Fundamental Constants: The Latest . . . and the Last?
October 26, 2015 at Cornell University (and Here)
Online — In a world of incessant change, some things have to stay the same.
One is the set of values for the fundamental physical constants – such as the speed of light or the charge of the electron – that underlie precision measurements in industry, science, and medicine worldwide.
Yet even the constants themselves occasionally change incrementally to reflect the latest experimental determinations.
So by international agreement,* a new set of official suggested values is published every four years, and NIST is now displaying the most recent (the 2014 values, published a few weeks ago) on its website.
The quadrennial list rarely generates headlines, but the 2014 values are remarkable in the context of the planned redefinition of the SI base units in 2018.
Several years ago, the international General Conference on Weights and Measures (CGPM) – the diplomatic body that has the authority under the Meter Convention to enact such a sweeping change – approved a plan to redefine four of the seven SI base units** in terms of fixed values of fundamental constants.
Those values would be fixed at the most accurate values obtainable at the time of redefinition.
But CGPM placed strict preconditions and technical requirements for agreement and uncertainties in those measurements, and the 2010 values of two key constants did not meet those criteria.
For example, CGPM had called for determinations of the Planck constant (h, used to redefine the kilogram) that had relative uncertainties of 20 parts per billion (ppb) and were consistent between two physically different methods of measurement.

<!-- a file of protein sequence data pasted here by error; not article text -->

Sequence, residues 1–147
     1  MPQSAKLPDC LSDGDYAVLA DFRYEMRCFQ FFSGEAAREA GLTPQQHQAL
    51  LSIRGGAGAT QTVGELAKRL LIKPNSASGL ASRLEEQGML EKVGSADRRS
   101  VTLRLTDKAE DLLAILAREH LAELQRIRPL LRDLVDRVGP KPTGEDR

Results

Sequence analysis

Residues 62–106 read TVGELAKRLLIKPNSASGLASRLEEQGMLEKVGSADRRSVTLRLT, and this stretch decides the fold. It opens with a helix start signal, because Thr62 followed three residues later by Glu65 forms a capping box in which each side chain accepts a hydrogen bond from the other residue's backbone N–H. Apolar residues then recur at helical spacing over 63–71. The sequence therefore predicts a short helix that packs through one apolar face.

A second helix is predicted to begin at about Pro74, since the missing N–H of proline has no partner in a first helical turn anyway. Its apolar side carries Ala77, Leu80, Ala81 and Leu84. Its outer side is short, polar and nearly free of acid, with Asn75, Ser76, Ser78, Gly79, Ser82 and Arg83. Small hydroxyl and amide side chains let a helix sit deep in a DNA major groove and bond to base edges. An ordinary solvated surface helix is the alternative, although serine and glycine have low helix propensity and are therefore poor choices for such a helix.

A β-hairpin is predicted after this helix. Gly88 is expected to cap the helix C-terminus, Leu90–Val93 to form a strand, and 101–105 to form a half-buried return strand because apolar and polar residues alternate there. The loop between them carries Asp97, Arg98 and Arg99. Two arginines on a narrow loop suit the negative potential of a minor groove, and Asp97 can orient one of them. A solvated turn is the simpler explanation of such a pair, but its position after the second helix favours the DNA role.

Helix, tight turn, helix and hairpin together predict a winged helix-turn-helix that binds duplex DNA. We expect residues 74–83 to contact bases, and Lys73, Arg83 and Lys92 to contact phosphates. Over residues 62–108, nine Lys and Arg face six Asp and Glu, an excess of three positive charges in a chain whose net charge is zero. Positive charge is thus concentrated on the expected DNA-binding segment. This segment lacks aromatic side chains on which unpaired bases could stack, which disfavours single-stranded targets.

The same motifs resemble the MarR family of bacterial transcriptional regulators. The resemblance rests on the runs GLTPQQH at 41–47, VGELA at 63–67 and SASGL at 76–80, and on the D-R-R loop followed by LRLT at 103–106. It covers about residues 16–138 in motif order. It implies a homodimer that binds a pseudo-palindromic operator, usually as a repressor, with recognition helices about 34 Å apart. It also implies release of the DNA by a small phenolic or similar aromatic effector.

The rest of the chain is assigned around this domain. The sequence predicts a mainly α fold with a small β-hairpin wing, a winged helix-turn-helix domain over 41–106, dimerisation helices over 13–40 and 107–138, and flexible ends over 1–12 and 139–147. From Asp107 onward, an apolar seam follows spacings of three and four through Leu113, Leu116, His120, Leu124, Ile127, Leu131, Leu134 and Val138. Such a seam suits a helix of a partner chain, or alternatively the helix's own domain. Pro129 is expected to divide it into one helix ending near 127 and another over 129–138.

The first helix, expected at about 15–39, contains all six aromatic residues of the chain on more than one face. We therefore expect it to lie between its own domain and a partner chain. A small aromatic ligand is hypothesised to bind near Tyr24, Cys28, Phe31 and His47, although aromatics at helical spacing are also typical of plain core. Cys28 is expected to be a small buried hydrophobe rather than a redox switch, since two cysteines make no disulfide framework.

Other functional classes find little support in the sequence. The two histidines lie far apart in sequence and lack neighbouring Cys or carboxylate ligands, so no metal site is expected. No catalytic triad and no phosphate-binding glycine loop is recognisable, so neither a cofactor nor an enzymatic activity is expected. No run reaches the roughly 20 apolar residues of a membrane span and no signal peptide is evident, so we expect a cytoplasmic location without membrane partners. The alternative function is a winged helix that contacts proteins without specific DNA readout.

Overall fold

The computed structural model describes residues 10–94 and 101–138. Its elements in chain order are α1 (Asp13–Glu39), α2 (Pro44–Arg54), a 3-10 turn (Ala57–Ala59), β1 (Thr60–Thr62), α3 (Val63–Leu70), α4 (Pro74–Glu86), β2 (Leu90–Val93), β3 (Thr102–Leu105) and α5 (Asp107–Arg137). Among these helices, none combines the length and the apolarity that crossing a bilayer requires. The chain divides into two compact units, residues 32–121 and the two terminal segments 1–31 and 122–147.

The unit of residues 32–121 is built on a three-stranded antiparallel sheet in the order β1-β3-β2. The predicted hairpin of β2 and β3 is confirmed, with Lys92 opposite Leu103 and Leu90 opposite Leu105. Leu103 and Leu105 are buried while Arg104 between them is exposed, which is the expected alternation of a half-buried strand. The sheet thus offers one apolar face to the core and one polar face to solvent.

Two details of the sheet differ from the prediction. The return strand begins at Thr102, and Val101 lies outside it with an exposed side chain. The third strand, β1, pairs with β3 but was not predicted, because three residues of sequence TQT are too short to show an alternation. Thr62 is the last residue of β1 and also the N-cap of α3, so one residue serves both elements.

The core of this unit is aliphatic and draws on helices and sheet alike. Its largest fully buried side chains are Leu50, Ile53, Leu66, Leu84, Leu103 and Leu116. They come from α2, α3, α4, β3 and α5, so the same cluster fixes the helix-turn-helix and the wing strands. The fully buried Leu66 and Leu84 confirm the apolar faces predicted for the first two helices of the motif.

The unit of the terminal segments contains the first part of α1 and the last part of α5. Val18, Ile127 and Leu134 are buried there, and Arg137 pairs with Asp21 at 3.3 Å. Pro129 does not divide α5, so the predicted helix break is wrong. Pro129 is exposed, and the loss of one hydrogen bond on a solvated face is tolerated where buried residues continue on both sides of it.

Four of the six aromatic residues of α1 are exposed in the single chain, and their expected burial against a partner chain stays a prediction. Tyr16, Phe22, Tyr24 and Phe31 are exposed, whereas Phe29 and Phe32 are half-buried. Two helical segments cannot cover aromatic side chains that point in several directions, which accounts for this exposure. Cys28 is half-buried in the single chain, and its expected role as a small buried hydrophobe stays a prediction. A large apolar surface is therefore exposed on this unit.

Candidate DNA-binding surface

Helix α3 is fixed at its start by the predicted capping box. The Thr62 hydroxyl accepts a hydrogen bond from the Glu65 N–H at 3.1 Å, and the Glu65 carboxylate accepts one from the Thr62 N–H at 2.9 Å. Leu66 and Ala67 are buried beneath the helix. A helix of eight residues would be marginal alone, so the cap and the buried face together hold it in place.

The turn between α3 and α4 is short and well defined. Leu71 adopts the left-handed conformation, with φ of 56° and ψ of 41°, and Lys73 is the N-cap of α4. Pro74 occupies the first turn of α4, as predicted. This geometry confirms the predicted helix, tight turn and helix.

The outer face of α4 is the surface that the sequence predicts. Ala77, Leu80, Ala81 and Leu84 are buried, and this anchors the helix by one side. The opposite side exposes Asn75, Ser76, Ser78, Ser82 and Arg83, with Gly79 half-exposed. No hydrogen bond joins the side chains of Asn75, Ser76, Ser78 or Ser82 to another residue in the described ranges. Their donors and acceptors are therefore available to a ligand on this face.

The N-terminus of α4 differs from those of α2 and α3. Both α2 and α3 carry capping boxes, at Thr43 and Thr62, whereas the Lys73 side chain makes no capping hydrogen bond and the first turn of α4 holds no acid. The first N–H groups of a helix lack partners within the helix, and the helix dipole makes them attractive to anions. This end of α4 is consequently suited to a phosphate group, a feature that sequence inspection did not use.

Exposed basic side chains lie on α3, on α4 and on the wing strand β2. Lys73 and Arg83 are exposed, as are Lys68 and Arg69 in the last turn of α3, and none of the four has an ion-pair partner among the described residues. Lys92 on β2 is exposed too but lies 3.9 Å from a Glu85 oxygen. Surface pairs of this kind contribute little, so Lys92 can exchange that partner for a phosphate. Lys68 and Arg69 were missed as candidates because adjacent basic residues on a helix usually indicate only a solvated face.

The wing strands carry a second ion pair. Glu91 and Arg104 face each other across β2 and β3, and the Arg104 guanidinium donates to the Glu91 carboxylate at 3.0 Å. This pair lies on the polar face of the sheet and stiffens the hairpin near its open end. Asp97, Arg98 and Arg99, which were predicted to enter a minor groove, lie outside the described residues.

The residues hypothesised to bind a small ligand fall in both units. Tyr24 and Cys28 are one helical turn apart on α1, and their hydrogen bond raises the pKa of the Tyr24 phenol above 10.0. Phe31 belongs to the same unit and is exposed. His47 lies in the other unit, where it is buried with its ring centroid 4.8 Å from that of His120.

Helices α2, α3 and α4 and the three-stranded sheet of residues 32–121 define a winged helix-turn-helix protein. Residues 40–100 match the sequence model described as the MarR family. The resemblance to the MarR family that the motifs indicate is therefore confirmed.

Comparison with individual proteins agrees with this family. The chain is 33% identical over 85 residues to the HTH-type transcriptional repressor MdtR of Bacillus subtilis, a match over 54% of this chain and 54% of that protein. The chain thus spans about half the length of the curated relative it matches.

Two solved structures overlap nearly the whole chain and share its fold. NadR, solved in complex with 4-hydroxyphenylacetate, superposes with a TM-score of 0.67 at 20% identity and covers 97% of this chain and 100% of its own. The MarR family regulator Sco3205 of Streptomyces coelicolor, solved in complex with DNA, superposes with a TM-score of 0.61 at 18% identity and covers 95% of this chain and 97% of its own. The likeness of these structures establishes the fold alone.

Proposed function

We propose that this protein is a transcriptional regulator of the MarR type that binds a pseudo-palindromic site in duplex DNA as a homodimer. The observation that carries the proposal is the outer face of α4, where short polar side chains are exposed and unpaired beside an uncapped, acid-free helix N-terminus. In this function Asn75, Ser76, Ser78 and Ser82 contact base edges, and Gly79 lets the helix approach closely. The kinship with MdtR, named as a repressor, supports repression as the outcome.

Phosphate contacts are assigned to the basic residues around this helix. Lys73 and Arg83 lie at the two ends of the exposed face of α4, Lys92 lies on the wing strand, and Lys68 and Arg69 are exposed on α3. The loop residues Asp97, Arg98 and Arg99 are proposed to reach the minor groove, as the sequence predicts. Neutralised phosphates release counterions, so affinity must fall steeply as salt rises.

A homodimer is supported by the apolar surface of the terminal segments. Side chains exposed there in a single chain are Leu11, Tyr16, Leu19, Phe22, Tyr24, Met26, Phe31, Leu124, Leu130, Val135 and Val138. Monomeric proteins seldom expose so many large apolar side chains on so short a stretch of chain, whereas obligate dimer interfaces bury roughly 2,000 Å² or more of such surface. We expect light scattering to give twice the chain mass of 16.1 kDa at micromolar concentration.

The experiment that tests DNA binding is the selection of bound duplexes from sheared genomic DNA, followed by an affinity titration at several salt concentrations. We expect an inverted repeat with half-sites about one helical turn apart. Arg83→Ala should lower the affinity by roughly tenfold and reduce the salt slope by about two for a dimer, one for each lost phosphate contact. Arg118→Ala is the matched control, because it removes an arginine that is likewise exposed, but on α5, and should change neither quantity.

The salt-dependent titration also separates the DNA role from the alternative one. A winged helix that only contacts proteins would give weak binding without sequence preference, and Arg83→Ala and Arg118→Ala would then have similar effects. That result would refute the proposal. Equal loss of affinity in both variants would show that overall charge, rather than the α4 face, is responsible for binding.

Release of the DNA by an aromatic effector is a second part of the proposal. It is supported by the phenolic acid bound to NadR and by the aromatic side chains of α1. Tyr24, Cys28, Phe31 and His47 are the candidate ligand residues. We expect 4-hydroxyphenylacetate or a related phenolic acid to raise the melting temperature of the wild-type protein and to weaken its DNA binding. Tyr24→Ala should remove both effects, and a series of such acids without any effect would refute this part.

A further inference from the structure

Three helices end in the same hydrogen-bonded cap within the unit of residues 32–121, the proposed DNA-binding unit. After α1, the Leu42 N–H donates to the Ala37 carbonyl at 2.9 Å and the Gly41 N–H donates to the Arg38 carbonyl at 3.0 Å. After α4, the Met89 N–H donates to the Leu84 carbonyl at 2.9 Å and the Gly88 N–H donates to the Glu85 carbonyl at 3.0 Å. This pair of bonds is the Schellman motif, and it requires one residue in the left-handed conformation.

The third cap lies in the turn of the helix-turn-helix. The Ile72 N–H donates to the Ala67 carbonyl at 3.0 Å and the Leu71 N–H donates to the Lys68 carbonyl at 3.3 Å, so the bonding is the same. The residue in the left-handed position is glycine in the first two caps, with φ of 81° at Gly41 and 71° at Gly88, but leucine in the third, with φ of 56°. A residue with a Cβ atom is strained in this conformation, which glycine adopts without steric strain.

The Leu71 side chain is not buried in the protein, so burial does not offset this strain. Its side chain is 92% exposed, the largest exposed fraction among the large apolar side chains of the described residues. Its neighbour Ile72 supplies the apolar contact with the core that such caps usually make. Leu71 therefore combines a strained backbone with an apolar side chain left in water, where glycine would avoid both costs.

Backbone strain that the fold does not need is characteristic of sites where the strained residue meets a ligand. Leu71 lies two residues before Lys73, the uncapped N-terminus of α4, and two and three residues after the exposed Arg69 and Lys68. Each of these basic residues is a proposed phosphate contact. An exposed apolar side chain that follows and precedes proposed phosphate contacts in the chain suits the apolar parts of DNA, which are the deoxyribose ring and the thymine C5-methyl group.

The 2010 value had a relative uncertainty of 43 ppb.
Thanks in large measure to painstaking efforts by scientists in NIST’s Physical Measurement Laboratory (PML) to investigate, reanalyze, and refit NIST’s workhorse watt balance, the latest values for h have a combined relative uncertainty of 12 parts ppb – a three-fold improvement since the 2010 values – and are consistent among three different laboratories in three countries.
The 2014 values also include a determination for the Boltzmann constant (used to define the kelvin) that substantially exceeds CGPM’s relative uncertainty criteria.
Other highlights of the 2014 values include a ten-fold improvement in the uncertainty in the mass of the electron, and significant improvement in the magnetic moment of the proton.
“The 2014 CODATA recommended values of the constants reflect improvements in measurements that allow the redefinition of the SI anticipated for 2018 to be on track,” says Peter Mohr, Manager of the Fundamental Constants Data Center in PML.
“If things go as planned, this will be the last official set of fundamental constants based on the SI as it is now defined. After 2018 there will be new recommended values based on the new SI that will have significantly smaller uncertainties in most cases.”
* The values are determined and issued by the Task Group on Fundamental Constants of the International Council for Science’s Committee on Data for Science and Technology (CODATA), which collects the best determinations from academic laboratories, independent standards laboratories, and national metrology institutes.
The United States is one of 23 member nations.
** The kilogram, kelvin, ampere, and mole will be redefined in terms of the Planck constant, the Boltzmann constant, the charge of the electron, and the Avogadro constant.
Attribution: Article is copied from one on the NIST website by NIST Contact: Peter Mohr (301) 975-3217